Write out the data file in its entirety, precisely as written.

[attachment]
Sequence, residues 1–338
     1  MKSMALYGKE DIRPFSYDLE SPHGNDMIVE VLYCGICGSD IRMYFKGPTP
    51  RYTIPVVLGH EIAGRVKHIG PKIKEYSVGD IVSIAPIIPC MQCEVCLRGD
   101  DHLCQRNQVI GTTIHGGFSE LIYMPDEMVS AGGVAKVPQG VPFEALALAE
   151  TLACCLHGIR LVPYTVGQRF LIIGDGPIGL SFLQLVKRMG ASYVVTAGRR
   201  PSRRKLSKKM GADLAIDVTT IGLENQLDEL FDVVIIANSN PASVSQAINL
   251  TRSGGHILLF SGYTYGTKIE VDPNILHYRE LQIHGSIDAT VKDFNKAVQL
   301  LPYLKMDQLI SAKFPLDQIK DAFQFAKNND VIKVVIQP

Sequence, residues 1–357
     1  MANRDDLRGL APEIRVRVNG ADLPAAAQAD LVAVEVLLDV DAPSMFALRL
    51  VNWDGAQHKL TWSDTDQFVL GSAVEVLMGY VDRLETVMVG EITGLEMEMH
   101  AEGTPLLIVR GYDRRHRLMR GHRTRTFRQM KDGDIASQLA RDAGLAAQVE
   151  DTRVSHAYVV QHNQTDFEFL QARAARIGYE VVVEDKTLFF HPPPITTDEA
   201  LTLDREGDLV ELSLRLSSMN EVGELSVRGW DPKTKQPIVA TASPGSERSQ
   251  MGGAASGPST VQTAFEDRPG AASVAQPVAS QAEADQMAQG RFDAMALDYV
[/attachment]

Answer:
Sequence, residues 1–338
     1  MKSMALYGKE DIRPFSYDLE SPHGNDMIVE VLYCGICGSD IRMYFKGPTP
    51  RYTIPVVLGH EIAGRVKHIG PKIKEYSVGD IVSIAPIIPC MQCEVCLRGD
   101  DHLCQRNQVI GTTIHGGFSE LIYMPDEMVS AGGVAKVPQG VPFEALALAE
   151  TLACCLHGIR LVPYTVGQRF LIIGDGPIGL SFLQLVKRMG ASYVVTAGRR
   201  PSRRKLSKKM GADLAIDVTT IGLENQLDEL FDVVIIANSN PASVSQAINL
   251  TRSGGHILLF SGYTYGTKIE VDPNILHYRE LQIHGSIDAT VKDFNKAVQL
   301  LPYLKMDQLI SAKFPLDQIK DAFQFAKNND VIKVVIQP

Sequence, residues 1–357
     1  MANRDDLRGL APEIRVRVNG ADLPAAAQAD LVAVEVLLDV DAPSMFALRL
    51  VNWDGAQHKL TWSDTDQFVL GSAVEVLMGY VDRLETVMVG EITGLEMEMH
   101  AEGTPLLIVR GYDRRHRLMR GHRTRTFRQM KDGDIASQLA RDAGLAAQVE
   151  DTRVSHAYVV QHNQTDFEFL QARAARIGYE VVVEDKTLFF HPPPITTDEA
   201  LTLDREGDLV ELSLRLSSMN EVGELSVRGW DPKTKQPIVA TASPGSERSQ
   251  MGGAASGPST VQTAFEDRPG AASVAQPVAS QAEADQMAQG RFDAMALDYV